TURN & JUMP: HOW TIME AND PLACE FELL APART
Down East Books/Rowman & Littlefield
Before the railroads required the creation of Standard Time zones in 1883, timekeeping was a local affair. Small towns set their own pace according to the rising and setting of the sun. Our sudden interconnectedness, both physically and through inventions like the telegraph, changed our concept of time and place forever.
Here, historic preservationist Howard Mansfield looks at a few of the “clocks” we carry. He explores time in a once-common, now-vanished dry-goods store; in the invention of Continuous Vaudeville; in an old mill family defending water rights; in an 1880s Broadway hit that is still performed annually; and in the lingering effects of a bloody war that one historian calls the first American Revolution—a war many Americans don’t even know happened.
“Timekeeping changed in two important ways in the last quarter of the 19th Century and the early years of the 20th Century,” Mansfield writes. “Clocks became more accurate and were linked to each other. Time reformers spoke of linking all clocks on earth to one master clock. At the same moment, time escaped out the front door.”
The title Turn & Jump is a vaudevillian phrase that refers to actors who would take their “turn” on stage and “jump” to the next city soon after. “The language has the feel of rough travel over badly maintained railway track,” writes Mansfield. “Business travelers live this life today…that’s the cadence of many lives.”
To Mansfield, it makes sense that the man who sold the “endless match” would also invent Continuous Vaudeville. Benjamin Keith, an orphaned New England farm boy, was a peddler turned theater owner. One of his most successful products was a match that would furnish 10,000 lights for a cigar. He later purchased a theater and realized that keeping seats occupied with an endless variety show was “like an endless match,” says Mansfield. “Keith would just have to strike a light once—attract that initial audience—and he could keep his theater going.” He became a millionaire, one of the first ever in show business.
“With ‘the Continuous,’ Keith had found the pulse of the American city,” Mansfield writes. “Industrial production was continuous; democracy was a continuous cycle of election-scandal-election.”
The pulse of business was made continuous with the invention of the Limited Liability Corporation in the late 19th Century, securing an “afterlife” for companies, writes Mansfield. In New England, the legacy of these corporations is evident in the control of water rights—the power to control levels of the lakes and ponds created by the system of dams supporting the area’s now closed woolen mills. The owners of today’s waterfront homes are often unaware that their property values are dependent upon the of dams built for industry.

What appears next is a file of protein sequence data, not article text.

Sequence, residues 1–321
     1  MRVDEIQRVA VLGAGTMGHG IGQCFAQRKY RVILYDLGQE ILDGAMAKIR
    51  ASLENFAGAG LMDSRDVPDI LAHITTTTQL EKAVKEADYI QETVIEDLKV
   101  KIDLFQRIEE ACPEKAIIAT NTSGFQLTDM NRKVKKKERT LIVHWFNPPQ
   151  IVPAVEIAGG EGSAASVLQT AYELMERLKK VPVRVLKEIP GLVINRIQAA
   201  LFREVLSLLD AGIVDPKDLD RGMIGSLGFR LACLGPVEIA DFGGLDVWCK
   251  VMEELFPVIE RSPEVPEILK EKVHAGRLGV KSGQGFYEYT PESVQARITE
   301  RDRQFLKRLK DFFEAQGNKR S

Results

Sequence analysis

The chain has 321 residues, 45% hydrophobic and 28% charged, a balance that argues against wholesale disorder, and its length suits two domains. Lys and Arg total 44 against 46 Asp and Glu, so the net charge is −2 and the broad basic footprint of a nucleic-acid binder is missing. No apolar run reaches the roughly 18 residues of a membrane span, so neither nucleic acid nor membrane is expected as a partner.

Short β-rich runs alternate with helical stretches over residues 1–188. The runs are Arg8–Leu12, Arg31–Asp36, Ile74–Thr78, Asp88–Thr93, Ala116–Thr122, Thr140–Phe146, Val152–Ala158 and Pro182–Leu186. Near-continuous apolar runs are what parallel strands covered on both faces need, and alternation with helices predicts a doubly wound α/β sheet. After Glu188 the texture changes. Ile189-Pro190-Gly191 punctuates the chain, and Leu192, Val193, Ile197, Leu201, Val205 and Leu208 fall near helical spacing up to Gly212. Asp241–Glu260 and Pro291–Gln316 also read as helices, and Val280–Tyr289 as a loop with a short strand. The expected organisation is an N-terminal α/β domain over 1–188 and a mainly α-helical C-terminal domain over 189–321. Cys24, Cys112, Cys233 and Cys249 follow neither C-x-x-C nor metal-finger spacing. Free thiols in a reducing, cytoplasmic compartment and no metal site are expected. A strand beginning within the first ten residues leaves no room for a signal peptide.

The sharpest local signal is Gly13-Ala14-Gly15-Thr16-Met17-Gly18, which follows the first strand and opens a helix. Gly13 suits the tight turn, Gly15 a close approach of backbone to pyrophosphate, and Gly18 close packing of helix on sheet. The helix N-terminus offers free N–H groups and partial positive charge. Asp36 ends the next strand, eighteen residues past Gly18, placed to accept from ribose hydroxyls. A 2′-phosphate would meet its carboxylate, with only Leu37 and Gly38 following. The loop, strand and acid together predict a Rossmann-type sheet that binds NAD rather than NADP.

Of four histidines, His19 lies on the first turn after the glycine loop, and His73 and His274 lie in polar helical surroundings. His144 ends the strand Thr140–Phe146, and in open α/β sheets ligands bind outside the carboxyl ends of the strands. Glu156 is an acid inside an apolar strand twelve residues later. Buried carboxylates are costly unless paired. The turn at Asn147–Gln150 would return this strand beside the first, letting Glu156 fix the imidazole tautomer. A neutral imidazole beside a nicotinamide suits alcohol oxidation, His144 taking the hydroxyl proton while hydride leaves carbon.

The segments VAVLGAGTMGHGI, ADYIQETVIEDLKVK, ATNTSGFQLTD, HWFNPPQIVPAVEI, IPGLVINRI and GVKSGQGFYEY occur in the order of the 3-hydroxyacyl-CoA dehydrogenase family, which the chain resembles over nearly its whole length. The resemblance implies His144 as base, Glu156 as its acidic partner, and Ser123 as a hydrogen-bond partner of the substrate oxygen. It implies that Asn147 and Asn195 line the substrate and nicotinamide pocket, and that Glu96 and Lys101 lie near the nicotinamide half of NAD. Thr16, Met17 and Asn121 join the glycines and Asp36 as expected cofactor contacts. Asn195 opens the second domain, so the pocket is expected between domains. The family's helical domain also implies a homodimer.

“Waterpower moved to village time, to agricultural time,” Mansfield writes. “But the tempo of American life had changed after the Civil War. Modern times demanded steady production and large operations.” He finds that the legacy is two different timekeepers in the same place. “Waterpower wrenched time and place once,” he continues, “and leisure power wrenches it again. Time is shaping the maps here. The industrial time that shaped the land is invisible to the summer people.”
In Mansfield’s hands, the diary of a local dry goods merchant becomes, “an uncanny history of the ordinary…a documentary about the soul of a store.” Every 20th century transition was reflected in Derby’s of Peterborough, New Hampshire, as it evolved from a dry goods store to a self-service grocery into a full-fledged department store during its 103-year history. “The Derby’s store is all change—it’s a continuous performance,” he writes.
Derby’s closed in 1985—the store where everyone knew you and your needs was no more. Today, Mansfield says, “we choose mobility over community. We choose freedom to be unknown. We want anonymous public space. At the mall we are released from time. The mall is a cleaned clock. A mall displaces time with mall time.”
In nearby Swanzey, a revival of the 1887 play The Old Homestead has been playing continuously in an outdoor theater every summer since 1939. Like Derby’s, says Mansfield, “the play is a catalog of lost life. Its slow pace was the real story. Look at how slowly time used to pass. We had time to chat. We were barefoot. We did chores.”
A generic listing on a war monument—“The Colonial Wars 1675-1763”—takes Mansfield to the town of Turners Falls, a Massachusetts mill town fallen on hard times. “It feels like something terrible has happened here,” he writes. “I sense so many notes of anguish.” The surprise, though, is that the anguish is not derived from the closing of the mills. Rather, Turners Falls is the site of a significant battle in the “Colonial Wars.” On May 19, 1676, 400 Native Americans, gathered for an annual fishing ritual, were murdered by British settlers. The English settled the land, and the memory never fully put to rest.
“I think there is a resonance where terrible things happen,” a Native American descendent explains. “The landscape remembers. It’s not just human memory. I think there’s some kind of vibe (for lack of a better word) that just holds on. It permeates the place.” Today, the town has high rates of poverty, suicide, and spouse abuse. Turners Falls High School is the “Home of the Indians,” but most people who live in this place have no idea of its tragic history.
“Turner’s Falls is divorced from deep time, from the land’s true history,” Mansfield concludes. “For thousands of years this place kept time by the salmon leaping the falls and the Indians gathering to fish. In an instant, on one Spring morning in 1676, that ended. In another instant, the falls were dammed; the salmon were gone. The river’s run has changed; time has changed. The Indian heritage is denied. What I had felt on my first visit was the pain of divorce.”